When I stopped, headlights came on, sirens blared, and a chap with a loud speaker told us to get out of the car. Some of the guys tried to scatter and were quickly rounded up. We trundle back to the provost marshal to get it all sorted out. It seems that somebody had been stealing from the PX and that they had set a trap for the thieves and we’d sprung it. I’d been asked to pull over because of the seven people in the car. I wasn’t exactly in the wrong but a report was going to go to the squadron office. This was not going to be good.
One of my companions was a career sergeant named Hutch. Hutch had a venetian blind arm – the stripes on it were always moving up and down. In combat he added stripes; in peacetime he shed them. Hutch had experience with these little difficulties. He knew the lieutenant who was going to be duty officer in the morning. (I suspect Hutch always knew who was going to be the duty officer – it’s a survival trait.) We hunt him up and Hutch sweet talked him into not passing the report on to the CO. So that’s taken care of.
I get out to the squadron area in the morning and sure enough I get the message to bounce over to HQ. I get called into the office of the second in command. It seems that he and not the hapless lieutenant had gotten the report. He has me shut the door and looks at me. Finally he says, “Harter, if I turn this into the old man he’s going to bust you again. I’m not going to do it. But Goddamn it, Harter, you’re an intelligent man. Why in the Hell can’t you stay out of trouble?”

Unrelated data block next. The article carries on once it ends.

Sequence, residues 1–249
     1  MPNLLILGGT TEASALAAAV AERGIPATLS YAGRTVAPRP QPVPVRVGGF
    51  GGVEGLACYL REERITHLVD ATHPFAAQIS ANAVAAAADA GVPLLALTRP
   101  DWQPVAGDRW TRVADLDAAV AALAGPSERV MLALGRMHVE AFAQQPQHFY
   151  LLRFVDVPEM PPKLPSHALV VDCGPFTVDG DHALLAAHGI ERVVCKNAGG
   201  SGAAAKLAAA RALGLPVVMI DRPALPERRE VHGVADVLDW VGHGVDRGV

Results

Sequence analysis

Damn good question.
Our “squadron” at Cherry Point was an odd duckling. Cherry Point was the Marine air wing base. We, however, were a ground air support unit which meant that we got to run around in the boonies like real Marines. My group had a fancy radar/analog computer system which could track planes and direct them to targets. It could even, if allowed, take over the autopilot and fly the plane.
This being the mid 50’s, this miracle of military technology was not all that it might have been. It had seen brief usage in Korea. Very brief. The analog computer had lots of switches and dials for setting in the coordinates of the target. One fine day someone inadvertently set the N/S switch to S instead of N. The system duly worked as advertised and directed a plane to the specified target coordinates. Unfortunately they happened to be the coordinates of a general’s tent. The system didn’t see any use in Korea after that.